Among the topics we considered: Liturgy is plausibly thought of as scripted action. What is a script? What is it for a sequence of actions to be scripted? Why should we want liturgical actions to be scripted — what goods are thereby available?
    We participate in the liturgy for reasons of various sorts. But is there an implicit rationale or ratio behind the various types of liturgy that makes sense of their components and structure?
    And, what’s going on at various points in the liturgy? What would make sense of the way art is used? What is going on when, in the course of the liturgy, someone recites the Creed? Is this a collective action of some sort? Is it a public mental act? Is there a way authentically to participate in the recitation of the Creed if one could not describe oneself as a believer? Does it even matter much what’s going on in one’s head? In their approach to liturgy, have the more ancient Christian traditions, which emphasize the performance of scripted actions, operated with something akin to semantic externalism?
    What’s going on with the eucharist? Baptism? What is the nature of commemoration? More generally, what is the role of symbolic actions in the liturgy? Are there relations of fittingness between liturgical actions and how those actions are performed? Between the actions and what they signify?
    Are liturgical actions to be understood as cases of divine action in which God appropriates human actions?
    To what extent should liturgical practices be normative for theology? Some traditions pray for the dead — even those in hell. Should we theologize in light of these liturgical practices? To what extent should the rule of worship ground belief?
    Anyway, that’s a laundry list of some of the topics that caught our interest.

    April 18, 2011 — 16:12
  • Ted Poston

    Let me second Terence’s idea. I’m currently reading Nick’s new collection of essays “Hearing the call: Liturgy, Justice, Church, and World” and there are plenty of worthy ideas to explore in there. One of Nick’s interesting ideas is that proper liturgical practice requires social justice. I’d like to see some more work in general on social justice from a theistic perspective. Nick has some very interesting starting points on social justice with in a Christian perspective. This needs to be picked up on and developed.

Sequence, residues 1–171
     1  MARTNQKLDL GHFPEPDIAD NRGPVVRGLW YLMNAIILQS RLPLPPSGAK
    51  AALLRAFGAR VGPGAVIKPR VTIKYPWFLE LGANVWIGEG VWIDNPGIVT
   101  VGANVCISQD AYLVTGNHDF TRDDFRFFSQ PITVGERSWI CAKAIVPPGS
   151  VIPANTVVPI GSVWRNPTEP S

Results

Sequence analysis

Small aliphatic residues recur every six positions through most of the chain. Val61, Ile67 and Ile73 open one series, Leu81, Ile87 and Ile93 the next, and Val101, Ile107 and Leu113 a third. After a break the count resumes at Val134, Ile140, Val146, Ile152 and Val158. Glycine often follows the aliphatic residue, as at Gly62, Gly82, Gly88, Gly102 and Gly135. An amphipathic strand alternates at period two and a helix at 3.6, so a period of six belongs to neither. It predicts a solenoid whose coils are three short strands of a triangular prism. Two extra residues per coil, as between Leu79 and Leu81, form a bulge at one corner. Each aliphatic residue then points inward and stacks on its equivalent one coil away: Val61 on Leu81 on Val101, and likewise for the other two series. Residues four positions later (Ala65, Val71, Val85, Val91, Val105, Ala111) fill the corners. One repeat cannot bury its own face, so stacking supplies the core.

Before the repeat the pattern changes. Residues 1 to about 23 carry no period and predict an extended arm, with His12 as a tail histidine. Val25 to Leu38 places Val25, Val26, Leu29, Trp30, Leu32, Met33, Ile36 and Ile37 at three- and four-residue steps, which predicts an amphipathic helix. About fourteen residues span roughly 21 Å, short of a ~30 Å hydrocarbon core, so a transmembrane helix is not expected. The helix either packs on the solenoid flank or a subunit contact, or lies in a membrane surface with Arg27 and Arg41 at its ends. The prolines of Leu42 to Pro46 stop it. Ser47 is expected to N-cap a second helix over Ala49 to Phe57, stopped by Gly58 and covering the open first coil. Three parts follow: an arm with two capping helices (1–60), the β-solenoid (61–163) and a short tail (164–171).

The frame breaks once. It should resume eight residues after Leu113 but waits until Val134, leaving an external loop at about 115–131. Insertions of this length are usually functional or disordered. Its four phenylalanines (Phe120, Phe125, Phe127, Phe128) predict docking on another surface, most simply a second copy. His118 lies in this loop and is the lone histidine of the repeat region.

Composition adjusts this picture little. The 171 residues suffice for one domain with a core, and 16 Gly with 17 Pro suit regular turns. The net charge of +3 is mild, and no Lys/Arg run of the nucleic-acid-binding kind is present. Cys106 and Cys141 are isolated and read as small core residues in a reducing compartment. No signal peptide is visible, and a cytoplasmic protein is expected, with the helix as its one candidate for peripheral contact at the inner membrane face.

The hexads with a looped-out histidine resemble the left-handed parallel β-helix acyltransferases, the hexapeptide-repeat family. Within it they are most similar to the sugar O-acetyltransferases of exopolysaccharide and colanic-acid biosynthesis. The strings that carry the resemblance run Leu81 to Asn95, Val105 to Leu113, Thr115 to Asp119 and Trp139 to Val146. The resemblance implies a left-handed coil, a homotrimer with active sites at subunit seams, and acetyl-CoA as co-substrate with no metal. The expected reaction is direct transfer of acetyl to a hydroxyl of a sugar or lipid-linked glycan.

April 18, 2011 — 17:32
  • Mark

    My idea, posted above, would in many ways turn out to be an epistemological topic. It has to do with the role of testimony, ways of knowing the divine quality of a text, and other related considerations.
    I think it’s very very important because if we are going to defend divinely revealed truths and explore them deeper by using our philosophical reasoning, we should have some rationally defensible reasons (for ourselves, and for the consideration of other) for thinking that we have a message from God Himself in the form of a book.
    A crucial part of this is gong to involve giving a rationally defensible account of the discrimination that was made historically, especially in the environment of competing claims about which books are divinely inspired.
    Also, something else I’ve been thought about lately. What about the empirical claims of Christianity that involve religious experience- claims like, those who follow Christ and trust Him, will have peace. What about joy? For example, how do things go if someone were to say that they followed Christ but did not have peace? Are we justified in thinking that they are reporting falsely? I think that this is a very interesting question.

    April 18, 2011 — 17:50
  • Francis J. Beckwith

    I second Terrence’s suggestion. Not having attended the seminar he directed with Wolterstorff (though I wish I had), I think there can be fruitful discussion on the relationship between liturgical practices and certain philosophical assumptions on the nature of matter. For example, how did the ascendancy of nominalism in the early Reformation shape Protestantism’s understanding of the liturgy and its relation to the receptivity of grace?

    April 18, 2011 — 22:47
  • Ted Poston

    Another idea that might be worth pursuing is the nature of second person experience and its connection to religious experience. Some questions: What is second-person experience? How does it differ from 1st person and 3rd person experience and also differ from the experience of nature? Is there second person experience in literature, with historical figures? What relation is there between second person experience and love & friendship? What are the necessary conditions for second person experience? Does second person experience require the willingness of mutual self-relevantion? What is the nature of skeptical scenarios apropos second person experience? And, in connection with Terence’s suggestion, can one have second person experience of God via the liturgy? I’d say, yes. Eleanore Stump has written an excellent article on this topic in *Liberal Faith*. Here’s the NDPR review to that book, with sizable discussion of Eleanore’s paper: http://ndpr.nd.edu/review.cfm?id=18747

    April 19, 2011 — 11:34
  • Dani Rabinowitz

    I would like to support Mark’s and Alex’s first point, in particular, with relation to the epistemic issues involved. Interestingly, there is a robust literature on these issues within the Jewish tradition, where, on at least some very traditional theologies,the Jewish legal system is grounded on the claim of being divinely revealed in all its specificity and hence epistemically unchallengeable.

    April 20, 2011 — 12:12
  • Dani Rabinowitz

    How about something on repentance?

    May 6, 2011 — 6:46